OneNote is available as a desktop application on Windows and MacOS, and as a mobile application on iOS, Android, and Windows phones and tablets; it can also be accessed using OneNote Online.

The mobile editing options are more limited than those found in the desktop applications or OneNote Online, but the mobile applications are well-suited for jotting down quick notes, reading notes you’ve taken previously, and making basic edits. As an example, perhaps you’ve used OneNote on your laptop to digitize a family recipe book and would now like to access one of the recipes while in the kitchen; instead of printing it out or placing your laptop in a precarious position on the counter while you make cookies, you could use your phone to conveniently access those notes you took on the larger device.

A page of notes being edited in the OneNote app running on an Android device; some limited formatting options are shown as available options.

On Android, you can even pin any of a variety of OneNote widgets to your home screen as a shortcut to immediately add a photo, recording, or drawing/text-based note.

The widget menu for an Android phone. Various OneNote widgets are presented as options to drag to the home screen. A OneNote widget pinned to the home screen on an Android device.

OneNote Online occupies a middle ground between the mobile and desktop applications in terms of functionality. It possesses a variety of editing options not found in the mobile application; however, some desktop features such as handwriting recognition are not available in this version.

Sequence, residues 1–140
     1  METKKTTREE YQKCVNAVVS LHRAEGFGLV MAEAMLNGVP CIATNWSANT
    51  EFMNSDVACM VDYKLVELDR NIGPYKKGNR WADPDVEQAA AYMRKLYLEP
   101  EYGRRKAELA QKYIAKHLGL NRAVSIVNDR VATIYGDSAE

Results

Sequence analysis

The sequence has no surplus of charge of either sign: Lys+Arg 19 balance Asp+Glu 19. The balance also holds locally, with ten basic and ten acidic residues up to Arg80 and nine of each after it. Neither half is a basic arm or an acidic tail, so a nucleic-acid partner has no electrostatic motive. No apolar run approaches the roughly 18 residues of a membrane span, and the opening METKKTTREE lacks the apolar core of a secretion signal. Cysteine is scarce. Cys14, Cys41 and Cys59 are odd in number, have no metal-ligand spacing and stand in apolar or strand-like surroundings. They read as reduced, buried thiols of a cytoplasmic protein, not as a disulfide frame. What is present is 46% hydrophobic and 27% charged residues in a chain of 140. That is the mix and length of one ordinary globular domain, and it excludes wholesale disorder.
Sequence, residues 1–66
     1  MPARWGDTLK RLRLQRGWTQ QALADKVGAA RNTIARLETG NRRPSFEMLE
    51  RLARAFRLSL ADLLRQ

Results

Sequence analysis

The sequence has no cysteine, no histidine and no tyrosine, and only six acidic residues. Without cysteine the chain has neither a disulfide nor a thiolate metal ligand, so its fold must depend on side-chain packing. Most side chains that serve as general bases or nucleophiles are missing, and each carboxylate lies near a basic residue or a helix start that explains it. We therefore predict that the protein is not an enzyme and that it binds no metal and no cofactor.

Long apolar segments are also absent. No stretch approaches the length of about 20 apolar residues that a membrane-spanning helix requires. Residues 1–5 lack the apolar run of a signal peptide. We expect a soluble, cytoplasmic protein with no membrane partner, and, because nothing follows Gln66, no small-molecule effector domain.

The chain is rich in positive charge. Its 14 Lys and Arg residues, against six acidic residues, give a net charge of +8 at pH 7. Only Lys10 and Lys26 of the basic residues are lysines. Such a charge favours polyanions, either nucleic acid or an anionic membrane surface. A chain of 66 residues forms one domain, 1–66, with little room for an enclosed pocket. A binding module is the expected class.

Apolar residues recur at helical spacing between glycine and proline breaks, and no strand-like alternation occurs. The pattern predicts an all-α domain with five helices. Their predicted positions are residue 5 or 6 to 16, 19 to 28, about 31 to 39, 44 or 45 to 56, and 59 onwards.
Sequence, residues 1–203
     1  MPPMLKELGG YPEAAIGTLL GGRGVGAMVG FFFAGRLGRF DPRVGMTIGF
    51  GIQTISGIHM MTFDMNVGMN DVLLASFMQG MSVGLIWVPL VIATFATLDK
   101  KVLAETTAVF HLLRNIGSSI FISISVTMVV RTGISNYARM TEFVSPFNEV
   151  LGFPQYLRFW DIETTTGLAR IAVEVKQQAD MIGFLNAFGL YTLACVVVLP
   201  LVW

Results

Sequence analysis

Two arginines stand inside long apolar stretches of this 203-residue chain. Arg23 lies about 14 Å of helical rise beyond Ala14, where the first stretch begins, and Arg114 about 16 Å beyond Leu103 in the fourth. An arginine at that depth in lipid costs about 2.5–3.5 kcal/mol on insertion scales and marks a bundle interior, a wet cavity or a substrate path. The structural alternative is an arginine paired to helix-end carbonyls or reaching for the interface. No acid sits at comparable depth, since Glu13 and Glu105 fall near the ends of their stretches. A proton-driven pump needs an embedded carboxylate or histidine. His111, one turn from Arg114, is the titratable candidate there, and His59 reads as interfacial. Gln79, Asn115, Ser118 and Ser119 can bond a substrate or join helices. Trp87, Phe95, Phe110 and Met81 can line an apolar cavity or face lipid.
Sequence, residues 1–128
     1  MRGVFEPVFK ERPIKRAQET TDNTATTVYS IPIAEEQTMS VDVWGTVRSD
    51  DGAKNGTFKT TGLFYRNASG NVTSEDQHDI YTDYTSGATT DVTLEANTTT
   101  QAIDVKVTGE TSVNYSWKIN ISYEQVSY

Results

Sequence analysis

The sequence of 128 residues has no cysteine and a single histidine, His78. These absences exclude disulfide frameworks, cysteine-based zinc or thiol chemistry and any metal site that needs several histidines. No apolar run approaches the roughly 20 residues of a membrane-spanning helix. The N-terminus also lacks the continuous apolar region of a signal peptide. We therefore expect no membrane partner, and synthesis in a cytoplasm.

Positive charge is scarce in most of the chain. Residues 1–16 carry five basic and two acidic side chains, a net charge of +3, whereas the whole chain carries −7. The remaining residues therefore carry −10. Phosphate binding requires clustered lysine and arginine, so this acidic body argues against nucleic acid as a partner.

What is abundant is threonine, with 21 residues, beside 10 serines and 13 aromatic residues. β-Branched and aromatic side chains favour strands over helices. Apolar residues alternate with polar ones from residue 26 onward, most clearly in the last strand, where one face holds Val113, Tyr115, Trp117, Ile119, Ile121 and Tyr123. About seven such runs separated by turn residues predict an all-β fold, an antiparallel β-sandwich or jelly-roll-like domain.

The OneNote Online interface. A page of notes is open and a simplified version of the traditional desktop menu (including submenus like File and Insert) is available.

Regardless, it is highly useful for devices on which you do not want to or cannot install the desktop application, such as a friend’s laptop you are borrowing, a library or lab computer on which you may not have the rights to install software, or a device running an operating system for which no OneNote application exists. OneNote Online allows you to access all of your notes regardless of device used.

Handwriting Recognition and OCR

When notes are represented as drawings or images rather than text, such as in the case of handwriting or text in a photo, they can’t be searched for, formatted, cleanly copy/pasted, or generally manipulated with the ease of text. Still, many people are more comfortable taking handwritten notes. Thankfully, users don’t have to choose between enjoying OneNote’s full capabilities and taking notes in their preferred format; OneNote offers a highly effective handwriting recognition feature capable of converting print, cursive, and even mathematical equations/symbols into searchable text. After taking handwritten notes with the Draw tool, users can select their writing and then click “Convert,” which can be found on the far right side of the ribbon. The OneNote desktop interface. Messy notes (including a simple calculus equation) in both cursive and print are scrawled in a variety of colors.The OneNote desktop interface showing a mathematical equation and two additional lines of text below. The content is the same as the previous screenshot, including the colors, but appears as typed text.

Another feature of OneNote is OCR (Optical Character Recognition), which converts a picture of text into actual text. Simply right-click on an image and then choose “Copy Text from Picture” from the context menu.

On the left is a photo of a printed agenda and on the right is a screenshot of the plaintext version of the content from that agenda.